Stephen R. Covey‘s book ‘The 7 Habits of Highly Effective People’ was a bestseller way back in In 1989 and was to be a book that defined a new genre bridging self-improvement, business management and personal productivity. Covey died last Monday and so, in his memory, I’ve posted up the key points from his thought provoking book:
Habit is the intersection of knowledge (what to do), skill (how to do), and desire (want to do).
Sow a thought, reap an action; sow an action, reap a habit; sow a habit, reap a character; sow a character, reap a destiny.*
People can’t live with change if there’s not a changeless core inside them.
Until a person can say deeply and honestly, ‘I am what I am today because of the choices I made yesterday,’ that person cannot say, ‘I choose otherwise.’
To learn and not to do is really not to learn. To know and not to do is really not to know.
It is one thing to make a mistake, and quite another thing not to admit it. People will forgive mistakes, because mistakes are usually of the mind, mistakes of judgment. But people will not easily forgive the mistakes of the heart, the ill intention, the bad motives, the prideful justifying cover-up of the first mistake.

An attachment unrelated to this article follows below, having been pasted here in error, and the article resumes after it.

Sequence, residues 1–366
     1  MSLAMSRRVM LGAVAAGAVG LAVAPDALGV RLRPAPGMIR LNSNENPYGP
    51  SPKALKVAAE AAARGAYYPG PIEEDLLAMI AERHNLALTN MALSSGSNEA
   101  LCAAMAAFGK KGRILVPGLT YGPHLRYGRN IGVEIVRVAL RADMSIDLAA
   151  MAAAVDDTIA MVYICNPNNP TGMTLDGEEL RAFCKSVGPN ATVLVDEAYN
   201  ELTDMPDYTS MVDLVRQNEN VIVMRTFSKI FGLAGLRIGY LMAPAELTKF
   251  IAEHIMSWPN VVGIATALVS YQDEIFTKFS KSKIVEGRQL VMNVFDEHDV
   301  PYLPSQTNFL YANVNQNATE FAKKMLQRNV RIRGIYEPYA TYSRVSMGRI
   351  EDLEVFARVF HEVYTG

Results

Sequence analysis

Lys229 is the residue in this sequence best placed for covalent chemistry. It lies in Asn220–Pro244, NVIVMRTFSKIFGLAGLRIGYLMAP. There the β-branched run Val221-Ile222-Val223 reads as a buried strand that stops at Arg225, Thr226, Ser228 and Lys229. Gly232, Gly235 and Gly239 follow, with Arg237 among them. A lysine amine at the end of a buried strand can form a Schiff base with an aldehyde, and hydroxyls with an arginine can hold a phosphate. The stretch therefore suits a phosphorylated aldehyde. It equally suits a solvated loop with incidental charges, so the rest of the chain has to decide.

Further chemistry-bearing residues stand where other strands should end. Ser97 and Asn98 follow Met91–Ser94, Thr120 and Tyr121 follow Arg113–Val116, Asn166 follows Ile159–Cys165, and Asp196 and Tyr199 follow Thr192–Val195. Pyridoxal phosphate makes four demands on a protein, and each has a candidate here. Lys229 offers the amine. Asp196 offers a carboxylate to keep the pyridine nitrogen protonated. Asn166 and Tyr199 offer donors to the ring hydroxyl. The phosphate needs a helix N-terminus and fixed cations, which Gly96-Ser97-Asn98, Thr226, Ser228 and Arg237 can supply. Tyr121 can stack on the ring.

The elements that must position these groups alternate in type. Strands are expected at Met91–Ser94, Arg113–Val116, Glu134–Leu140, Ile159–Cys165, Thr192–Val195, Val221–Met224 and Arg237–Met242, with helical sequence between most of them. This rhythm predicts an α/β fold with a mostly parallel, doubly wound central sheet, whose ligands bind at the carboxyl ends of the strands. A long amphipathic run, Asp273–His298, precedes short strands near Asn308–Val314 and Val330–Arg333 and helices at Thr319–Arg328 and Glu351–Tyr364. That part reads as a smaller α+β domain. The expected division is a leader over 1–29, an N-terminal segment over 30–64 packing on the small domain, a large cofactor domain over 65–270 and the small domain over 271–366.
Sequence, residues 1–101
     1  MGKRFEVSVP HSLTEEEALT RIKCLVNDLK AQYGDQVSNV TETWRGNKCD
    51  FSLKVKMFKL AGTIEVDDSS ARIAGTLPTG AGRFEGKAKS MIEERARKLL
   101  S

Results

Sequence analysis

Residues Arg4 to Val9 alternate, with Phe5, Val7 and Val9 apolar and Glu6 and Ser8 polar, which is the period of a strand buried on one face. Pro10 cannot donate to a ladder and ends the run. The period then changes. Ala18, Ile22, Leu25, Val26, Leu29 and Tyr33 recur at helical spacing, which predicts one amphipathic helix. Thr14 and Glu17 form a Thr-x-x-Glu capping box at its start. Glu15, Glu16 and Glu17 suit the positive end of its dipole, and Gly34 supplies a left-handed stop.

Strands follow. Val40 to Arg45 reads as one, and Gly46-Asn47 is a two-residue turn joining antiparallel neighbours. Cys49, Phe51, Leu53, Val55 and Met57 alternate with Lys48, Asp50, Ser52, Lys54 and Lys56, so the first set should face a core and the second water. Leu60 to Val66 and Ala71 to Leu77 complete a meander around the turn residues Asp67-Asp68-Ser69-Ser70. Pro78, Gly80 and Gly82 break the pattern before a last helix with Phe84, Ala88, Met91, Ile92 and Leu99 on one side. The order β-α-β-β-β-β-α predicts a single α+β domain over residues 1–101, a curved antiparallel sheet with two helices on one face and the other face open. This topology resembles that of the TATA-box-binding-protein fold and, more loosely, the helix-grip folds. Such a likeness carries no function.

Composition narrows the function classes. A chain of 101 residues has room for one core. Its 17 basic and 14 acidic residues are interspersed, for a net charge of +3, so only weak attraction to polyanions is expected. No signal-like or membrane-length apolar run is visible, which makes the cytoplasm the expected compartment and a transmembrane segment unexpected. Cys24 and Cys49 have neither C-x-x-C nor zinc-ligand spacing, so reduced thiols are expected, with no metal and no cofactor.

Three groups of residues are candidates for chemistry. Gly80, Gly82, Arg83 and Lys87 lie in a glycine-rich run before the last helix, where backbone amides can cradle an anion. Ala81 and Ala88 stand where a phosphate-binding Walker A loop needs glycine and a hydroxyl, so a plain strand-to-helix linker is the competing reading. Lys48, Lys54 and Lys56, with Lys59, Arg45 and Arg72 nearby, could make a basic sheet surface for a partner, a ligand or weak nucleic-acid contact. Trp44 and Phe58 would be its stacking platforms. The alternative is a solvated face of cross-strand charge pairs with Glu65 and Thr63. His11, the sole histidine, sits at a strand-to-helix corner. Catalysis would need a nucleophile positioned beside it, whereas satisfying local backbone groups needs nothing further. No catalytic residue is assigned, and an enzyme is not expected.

Admission of ignorance is often the first step in our education.
Our behavior is a function of our decisions, not our conditions.
The ability to subordinate an impulse to a value is the essence of the proactive person.
How you treat the one reveals how you regard the many, because everyone is ultimately a one.
There’s no better way to inform and expand you mind on a regular basis than to get into the habit of reading good literature.
And here are the seven Habits of Highly Effective People:
- Be Proactive
- Begin with the End in Mind
- Put First Things First
- Think Win/Win
- Seek First to Understand, Then to Be Understood
- Sharpen the Saw
Via Brain Pickings
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